The Ultimate Insider's Guide to Spain
Born and raised in Sardinia, Jacada Travel's Europe expert Melania Siriu's love affair with Spain began during summer family holidays to the country. Visiting Spain during her teenage years, Melania fell in love with the food, culture, and architecture that is so typical of this varied Mediterranean country. From discovering the authentic flavors of Spain to experiencing how the royals once lived, here's how to experience Spain like a local.
Experience Spain's Golden Age in Madrid
Sitting pretty on the Paseo del Arte between the Thyssen-Bornemisza and Reina Sofia museums, the Prado Museum is one of Madrid's finest art institutions. It houses one of the most comprehensive art collections in Spain, with almost 9,000 paintings and around 700 sculptures lining its walls. With so much to take in, I recommended deciding what pieces you really want to see before you arrive. Boasting names of Spanish Golden Age painters such as Rubens, Velázques and Madrazo, the Prado Museum truly is something special.
One of my favorite ways to see the incredible Prado is on a private morning tour before the museum opens its doors to the public. An 18th-century building built under the instructions of King Carlos III, this exquisite structure is best enjoyed with minimal distraction. Officially opened in 1819, the Museum was intended to provide Madrid with an outstanding art gallery to rival those springing up across Europe at the time. Recently, the building was extended by Spanish architect Rafael Moneo and the gothic cloister in the new wing is worth exploring. Wandering through this architectural wonder accompanied only by an expert art historian guide is one of Spain's most memorable experiences.
Discover architectural wonders in Barcelona
Few architects are as well-known as Antoni Gaudí, and there are few places in the world that pay as much homage to his work as Barcelona. The bright mosaics of Güell Park and La Sagrada Familia are considered Gaudí's masterpieces but one of my personal favorites is the lesser-known Casa Vicens. Casa Vicens sowed the seeds for Gaudí's later works and was built between 1883 and 1885 as a summer house for the Vicens family. Now a UNESCO World Heritage Site, this Gaudí masterpiece is well worth a visit.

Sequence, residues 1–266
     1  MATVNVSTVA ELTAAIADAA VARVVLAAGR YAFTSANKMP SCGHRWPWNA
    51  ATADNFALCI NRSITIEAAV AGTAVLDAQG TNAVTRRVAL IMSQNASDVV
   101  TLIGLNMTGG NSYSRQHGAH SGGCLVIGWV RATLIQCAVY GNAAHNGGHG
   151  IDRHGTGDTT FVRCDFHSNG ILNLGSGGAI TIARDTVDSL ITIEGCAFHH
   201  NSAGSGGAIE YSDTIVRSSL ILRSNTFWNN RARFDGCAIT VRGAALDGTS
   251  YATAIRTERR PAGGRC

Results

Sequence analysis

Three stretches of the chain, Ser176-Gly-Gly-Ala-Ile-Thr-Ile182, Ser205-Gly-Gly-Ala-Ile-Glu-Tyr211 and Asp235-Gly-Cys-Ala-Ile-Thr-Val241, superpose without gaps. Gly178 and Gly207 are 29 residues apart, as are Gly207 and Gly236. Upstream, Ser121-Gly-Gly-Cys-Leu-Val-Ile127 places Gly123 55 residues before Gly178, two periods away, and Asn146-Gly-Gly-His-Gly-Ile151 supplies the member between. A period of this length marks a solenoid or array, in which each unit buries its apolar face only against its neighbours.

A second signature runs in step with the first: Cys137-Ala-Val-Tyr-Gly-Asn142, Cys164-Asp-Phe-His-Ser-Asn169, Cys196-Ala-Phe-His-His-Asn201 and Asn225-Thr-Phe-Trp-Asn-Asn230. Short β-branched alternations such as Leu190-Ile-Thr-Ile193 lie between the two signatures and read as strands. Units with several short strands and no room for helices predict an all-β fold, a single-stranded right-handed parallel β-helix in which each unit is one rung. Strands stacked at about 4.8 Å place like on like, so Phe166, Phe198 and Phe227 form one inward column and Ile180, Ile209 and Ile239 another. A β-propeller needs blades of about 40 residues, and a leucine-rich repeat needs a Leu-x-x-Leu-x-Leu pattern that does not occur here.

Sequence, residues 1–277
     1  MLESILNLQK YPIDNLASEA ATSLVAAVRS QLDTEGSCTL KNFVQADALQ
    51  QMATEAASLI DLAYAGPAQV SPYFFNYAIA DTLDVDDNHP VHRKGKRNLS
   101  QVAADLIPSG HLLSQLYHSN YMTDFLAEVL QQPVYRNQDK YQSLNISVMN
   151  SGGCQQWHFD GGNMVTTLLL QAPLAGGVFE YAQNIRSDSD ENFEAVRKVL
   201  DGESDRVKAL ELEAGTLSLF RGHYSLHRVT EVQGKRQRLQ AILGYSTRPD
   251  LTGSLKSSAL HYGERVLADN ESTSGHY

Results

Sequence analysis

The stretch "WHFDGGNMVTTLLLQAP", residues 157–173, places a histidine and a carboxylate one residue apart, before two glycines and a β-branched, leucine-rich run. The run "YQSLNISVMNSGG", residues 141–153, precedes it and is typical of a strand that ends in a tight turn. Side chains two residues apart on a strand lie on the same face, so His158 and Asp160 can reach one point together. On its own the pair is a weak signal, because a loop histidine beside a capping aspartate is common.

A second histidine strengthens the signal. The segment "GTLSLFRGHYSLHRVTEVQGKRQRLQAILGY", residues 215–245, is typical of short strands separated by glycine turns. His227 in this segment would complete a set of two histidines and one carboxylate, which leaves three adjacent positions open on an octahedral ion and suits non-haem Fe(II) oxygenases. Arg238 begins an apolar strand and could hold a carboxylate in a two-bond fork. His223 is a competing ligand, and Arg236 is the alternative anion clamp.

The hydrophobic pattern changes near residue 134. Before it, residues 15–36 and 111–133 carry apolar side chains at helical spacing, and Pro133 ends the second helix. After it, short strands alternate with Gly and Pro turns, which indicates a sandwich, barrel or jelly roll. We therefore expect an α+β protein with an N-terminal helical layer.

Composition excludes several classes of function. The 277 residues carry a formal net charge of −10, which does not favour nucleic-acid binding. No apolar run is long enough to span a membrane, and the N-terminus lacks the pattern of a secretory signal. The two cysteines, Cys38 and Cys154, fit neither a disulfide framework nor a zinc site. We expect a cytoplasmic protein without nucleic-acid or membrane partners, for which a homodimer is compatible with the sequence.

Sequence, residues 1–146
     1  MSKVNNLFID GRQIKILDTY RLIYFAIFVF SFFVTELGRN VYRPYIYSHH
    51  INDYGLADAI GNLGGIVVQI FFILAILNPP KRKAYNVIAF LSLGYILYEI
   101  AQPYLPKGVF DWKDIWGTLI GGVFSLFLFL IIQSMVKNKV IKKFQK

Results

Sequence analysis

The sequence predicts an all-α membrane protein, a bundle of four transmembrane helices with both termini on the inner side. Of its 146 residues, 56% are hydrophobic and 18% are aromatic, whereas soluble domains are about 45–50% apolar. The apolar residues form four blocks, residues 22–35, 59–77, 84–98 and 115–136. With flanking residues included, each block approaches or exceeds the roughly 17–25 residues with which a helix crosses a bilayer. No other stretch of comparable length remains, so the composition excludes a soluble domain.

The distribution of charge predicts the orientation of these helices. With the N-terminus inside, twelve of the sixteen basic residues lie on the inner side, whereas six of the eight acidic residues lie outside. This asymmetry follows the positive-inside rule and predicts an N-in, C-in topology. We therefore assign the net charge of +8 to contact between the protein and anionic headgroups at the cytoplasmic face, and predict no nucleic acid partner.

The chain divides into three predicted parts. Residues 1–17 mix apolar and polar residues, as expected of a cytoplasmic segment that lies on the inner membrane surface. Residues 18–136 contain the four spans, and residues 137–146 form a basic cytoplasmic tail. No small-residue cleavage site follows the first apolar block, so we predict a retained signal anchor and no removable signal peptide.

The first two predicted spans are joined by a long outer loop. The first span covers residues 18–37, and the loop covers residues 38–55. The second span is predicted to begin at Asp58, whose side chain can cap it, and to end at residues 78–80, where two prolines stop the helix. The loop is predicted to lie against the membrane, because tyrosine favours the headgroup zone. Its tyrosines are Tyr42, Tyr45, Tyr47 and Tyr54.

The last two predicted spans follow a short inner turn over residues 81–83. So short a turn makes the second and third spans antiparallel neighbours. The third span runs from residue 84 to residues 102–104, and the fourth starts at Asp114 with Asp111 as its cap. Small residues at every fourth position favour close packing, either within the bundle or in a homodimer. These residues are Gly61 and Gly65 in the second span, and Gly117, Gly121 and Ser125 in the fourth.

For those who want to delve deeper into Gaudí's work, I recommended exploring La Pedrera too. On an after-hours tour of this surreal building, visitors will be treated to an audio-visual show with multiple projections lighting up the winding staircases. Offering an insight into the life and work of Gaudi, this iconic building is Gaudi's last civic work. The rooftop is home to a collection of sculptures, known as 'soldiers,' and is the perfect place to toast the end of an educational day with a sparkling glass of cava.
Live like royalty in Granada
Perhaps southern Spain's most iconic structure, La Alhambra is one of the most important remaining embodiments of Muslim civil architecture. Transformed into a fortified palace by Granada's Nasrid rulers during the mid-13th century, the Alhambra today stands proud as Granada's homage to Moorish culture. The name Alhambra comes from the Arabic al-qala'a al-hamra -meaning the Red Castle - and this stunning red fort is every bit worth the climb up to it. Up to 6,000 visitors a day have been known to descend on the Alhambra, so I recommend visiting first thing in the morning whilst most of the crowds are still asleep.